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Veterinary Care

Italy - Veterinary Care

There are 16 veterinary schools in Italy, which is a rather high figure, considering that the Netherlands has just one. The standard of pet health care is very high, with the main difference being that Italians favour a more hands-on approach. A local Italian vet will often describe a pet’s problem to the owner in graphic detail, which can be a slightly disturbing discussion for pet owners who are used to more circumspect and euphemistic conversations about their pet’s health. The owner will then receive instructions regarding what medications to give the pet and even how to administer injections if required.

Italy outlawed the euthanasia of healthy companion animals in the 90s, and a decade later, they lifted their ban on certain dog breeds that were considered to be “dangerous”. A recent poll showed that 85% of the Italian population is actively concerned about animal wellbeing, which is more than the UK (which came in at 75%) and France (a mere 65%). Italy has embraced laws that decrease restrictions on animals while increasing the responsibility on their owners to ensure that their pets do not harm others. There are also several animal protective organisations throughout the country.

Animal hospitals in Italy offer excellent surgical and dental care, as well as preventative health care. The staff are generally very courteous, but expats may face a slight language barrier, depending on their location and on their own familiarity with the local language and dialect. Medical services provided by these hospitals include vaccinations, medical tests such as ultrasound and x-rays, surgery, and dentistry; some even offer herbal care and other alternative medical options. You can find more information on the website of the Italian Veterinary Medical Association (ANMVI), which is also known as the l'Associazione Nazionale Medici Veterinari Italiani, at http://www.anmvi.it/formazione/anmvi-international/about-anmvi-international.html

As a pet owner in a new country, it is advisable for every pet owner to discuss the possible threats to their pet’s health with their local vet. Italy’s most common pet dangers include Leishmaniasis, poison, heat stroke, and, most surprisingly for many people, traffic.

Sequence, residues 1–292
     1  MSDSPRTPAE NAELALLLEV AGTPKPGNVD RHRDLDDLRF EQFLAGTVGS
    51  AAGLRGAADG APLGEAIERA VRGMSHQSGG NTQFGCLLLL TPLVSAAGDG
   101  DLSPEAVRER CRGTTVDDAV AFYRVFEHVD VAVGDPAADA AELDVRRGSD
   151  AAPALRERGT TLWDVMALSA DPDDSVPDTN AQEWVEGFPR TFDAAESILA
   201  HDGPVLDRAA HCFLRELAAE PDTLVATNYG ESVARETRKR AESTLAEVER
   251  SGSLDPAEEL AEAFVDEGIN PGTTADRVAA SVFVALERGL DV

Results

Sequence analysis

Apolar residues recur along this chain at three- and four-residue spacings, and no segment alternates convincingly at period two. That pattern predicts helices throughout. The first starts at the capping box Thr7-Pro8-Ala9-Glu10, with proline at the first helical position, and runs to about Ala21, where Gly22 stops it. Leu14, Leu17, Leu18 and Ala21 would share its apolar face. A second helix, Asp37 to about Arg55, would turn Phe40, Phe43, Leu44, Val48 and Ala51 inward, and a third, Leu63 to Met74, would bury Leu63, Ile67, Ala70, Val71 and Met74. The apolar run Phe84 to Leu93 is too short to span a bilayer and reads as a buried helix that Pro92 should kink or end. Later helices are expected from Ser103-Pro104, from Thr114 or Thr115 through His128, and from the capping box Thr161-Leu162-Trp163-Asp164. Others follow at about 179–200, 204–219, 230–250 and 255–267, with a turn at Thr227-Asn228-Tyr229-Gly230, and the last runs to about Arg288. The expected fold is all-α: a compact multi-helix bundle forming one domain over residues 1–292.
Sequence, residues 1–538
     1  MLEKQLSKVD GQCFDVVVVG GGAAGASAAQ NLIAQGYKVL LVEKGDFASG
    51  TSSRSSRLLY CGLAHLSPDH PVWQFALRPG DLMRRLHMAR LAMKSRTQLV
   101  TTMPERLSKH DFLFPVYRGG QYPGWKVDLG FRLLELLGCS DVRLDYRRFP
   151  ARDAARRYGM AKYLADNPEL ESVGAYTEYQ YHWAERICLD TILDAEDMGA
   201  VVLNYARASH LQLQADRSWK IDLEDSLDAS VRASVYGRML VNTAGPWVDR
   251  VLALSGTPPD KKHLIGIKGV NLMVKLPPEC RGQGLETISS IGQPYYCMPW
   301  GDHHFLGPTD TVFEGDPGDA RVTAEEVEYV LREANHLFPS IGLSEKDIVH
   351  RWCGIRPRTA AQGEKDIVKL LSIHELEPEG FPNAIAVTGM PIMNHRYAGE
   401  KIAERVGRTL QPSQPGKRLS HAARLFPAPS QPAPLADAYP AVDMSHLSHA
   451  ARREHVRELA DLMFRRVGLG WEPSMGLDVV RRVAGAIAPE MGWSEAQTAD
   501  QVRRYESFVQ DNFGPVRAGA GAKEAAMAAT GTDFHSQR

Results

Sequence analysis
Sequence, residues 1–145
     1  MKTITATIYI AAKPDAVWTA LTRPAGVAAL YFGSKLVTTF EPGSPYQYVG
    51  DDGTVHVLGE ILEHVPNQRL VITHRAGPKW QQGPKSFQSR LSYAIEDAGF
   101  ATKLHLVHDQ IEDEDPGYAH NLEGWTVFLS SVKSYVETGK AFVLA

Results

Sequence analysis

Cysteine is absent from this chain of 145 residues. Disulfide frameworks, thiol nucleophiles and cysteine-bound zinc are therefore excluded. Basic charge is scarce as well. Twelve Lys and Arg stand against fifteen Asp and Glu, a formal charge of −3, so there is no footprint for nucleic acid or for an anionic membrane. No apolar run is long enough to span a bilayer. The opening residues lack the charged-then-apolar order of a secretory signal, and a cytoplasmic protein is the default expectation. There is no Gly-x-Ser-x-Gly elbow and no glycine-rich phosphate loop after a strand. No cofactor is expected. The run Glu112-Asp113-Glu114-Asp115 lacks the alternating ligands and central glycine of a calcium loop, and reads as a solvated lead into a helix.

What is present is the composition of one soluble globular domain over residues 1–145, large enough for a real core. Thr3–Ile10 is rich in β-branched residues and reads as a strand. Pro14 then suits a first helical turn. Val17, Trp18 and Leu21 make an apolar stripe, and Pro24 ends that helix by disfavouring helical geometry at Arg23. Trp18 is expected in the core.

Leishmaniasis is a parasitic disease, which is transmitted by a tiny sandfly. The most common symptoms of Canine Leishmaniasis include progressive weight loss coupled with decreased appetite, swollen lymph nodes, and kidney failure, which results in increased water intake and urination. This disease is most prevalent in the south, and you can buy a special collar to deter sandflies. The flies are most likely to bite dogs at night (between 2 and 4 am), so any recommend keeping dogs indoors at night.

Poison is a very real threat in certain areas in Italy, and while some hamlets may not have a single recorded case, the neighbouring ones may have a dozen or more. Poisoned bait is sometimes laid out for foxes and other wild animals, and may inadvertently be accessed by household pets, but in other cases, there can be a more sinister motive. Truffle hunting is a serious business in certain areas, as it is very lucrative. An unusually dry summer can cause the price of truffles to double, and this has been known to lead to an all-out poison war amongst truffle hunters. As many as 50 dogs have been killed by poisoning during a single season. This form of malicious poisoning is not a new problem, and since Italy is the only exporter of white truffles, the number of dogs who die from poisoning has not declined over the years. Owners should be very careful when taking their dogs out for a walk. Anywhere in the world, it is advisable to teach your dog not to eat anything that you have not personally handed to him, and this is a particularly safe approach in Italy.

Heat stroke is a common problem in the summer, especially in the months of July and August, when temperatures can soar to over 40 degrees. Cats and dogs are more susceptible than humans to heat stroke when they are confined in vehicles, as they cannot produce whole body sweat to stay cool. The most common symptoms of a heatstroke are panting, excessive drooling, and an uncoordinated or drunken gait. If your dog suffers a heat stroke, place him gently in a bathtub of cool water with only his head raised above the water level. Do not use cold water, as this could cause hypothermia.

Most vets in Italy speak at least a little English, and it is unusual for expats to have any problems in getting their message across. However, those who prefer to see a vet who speaks English fluently can visit http://www.petsinitaly.com/english-speaking-vets/. It is also advisable to learn a few Italian words and phrases that will help to communicate the very basics, at least in this area if no other, and owners can find a short but helpful list here: http://www.petsinitaly.com/cat-and-dog-vocabulary/

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